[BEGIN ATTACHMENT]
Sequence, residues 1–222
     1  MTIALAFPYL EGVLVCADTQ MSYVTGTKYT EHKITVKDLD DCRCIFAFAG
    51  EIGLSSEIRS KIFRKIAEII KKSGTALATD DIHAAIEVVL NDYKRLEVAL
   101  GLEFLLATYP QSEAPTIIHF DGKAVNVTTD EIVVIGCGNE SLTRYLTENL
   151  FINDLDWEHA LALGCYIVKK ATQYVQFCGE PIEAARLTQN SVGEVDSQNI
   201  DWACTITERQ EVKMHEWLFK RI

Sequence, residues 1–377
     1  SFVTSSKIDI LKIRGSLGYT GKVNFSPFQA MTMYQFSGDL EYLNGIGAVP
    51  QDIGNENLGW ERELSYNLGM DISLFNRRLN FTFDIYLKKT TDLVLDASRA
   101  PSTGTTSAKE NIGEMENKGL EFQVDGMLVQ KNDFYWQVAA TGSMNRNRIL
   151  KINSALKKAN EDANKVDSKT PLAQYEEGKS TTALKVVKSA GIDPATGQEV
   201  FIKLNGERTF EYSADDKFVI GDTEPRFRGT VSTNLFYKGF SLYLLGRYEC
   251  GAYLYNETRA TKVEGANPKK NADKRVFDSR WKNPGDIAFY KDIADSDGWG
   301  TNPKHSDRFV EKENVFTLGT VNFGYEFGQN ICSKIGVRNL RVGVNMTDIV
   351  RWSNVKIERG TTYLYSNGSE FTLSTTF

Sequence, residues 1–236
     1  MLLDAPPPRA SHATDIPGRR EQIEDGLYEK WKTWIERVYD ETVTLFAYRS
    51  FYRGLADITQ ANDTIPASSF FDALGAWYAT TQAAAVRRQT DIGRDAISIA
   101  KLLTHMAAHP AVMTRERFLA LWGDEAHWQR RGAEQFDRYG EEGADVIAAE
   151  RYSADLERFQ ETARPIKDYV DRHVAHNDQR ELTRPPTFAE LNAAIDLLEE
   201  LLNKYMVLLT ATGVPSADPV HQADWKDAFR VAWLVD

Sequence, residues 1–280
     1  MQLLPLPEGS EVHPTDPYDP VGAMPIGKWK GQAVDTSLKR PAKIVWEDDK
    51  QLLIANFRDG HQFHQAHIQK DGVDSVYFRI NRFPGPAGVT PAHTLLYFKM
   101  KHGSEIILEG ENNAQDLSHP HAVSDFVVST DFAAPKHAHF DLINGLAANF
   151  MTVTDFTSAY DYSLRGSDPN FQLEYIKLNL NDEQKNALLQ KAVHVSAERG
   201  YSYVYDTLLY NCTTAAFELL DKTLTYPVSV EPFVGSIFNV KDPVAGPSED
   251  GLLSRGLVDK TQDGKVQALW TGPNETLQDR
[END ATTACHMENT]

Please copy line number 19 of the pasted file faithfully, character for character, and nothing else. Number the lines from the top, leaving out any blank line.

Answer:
   101  KLLTHMAAHP AVMTRERFLA LWGDEAHWQR RGAEQFDRYG EEGADVIAAE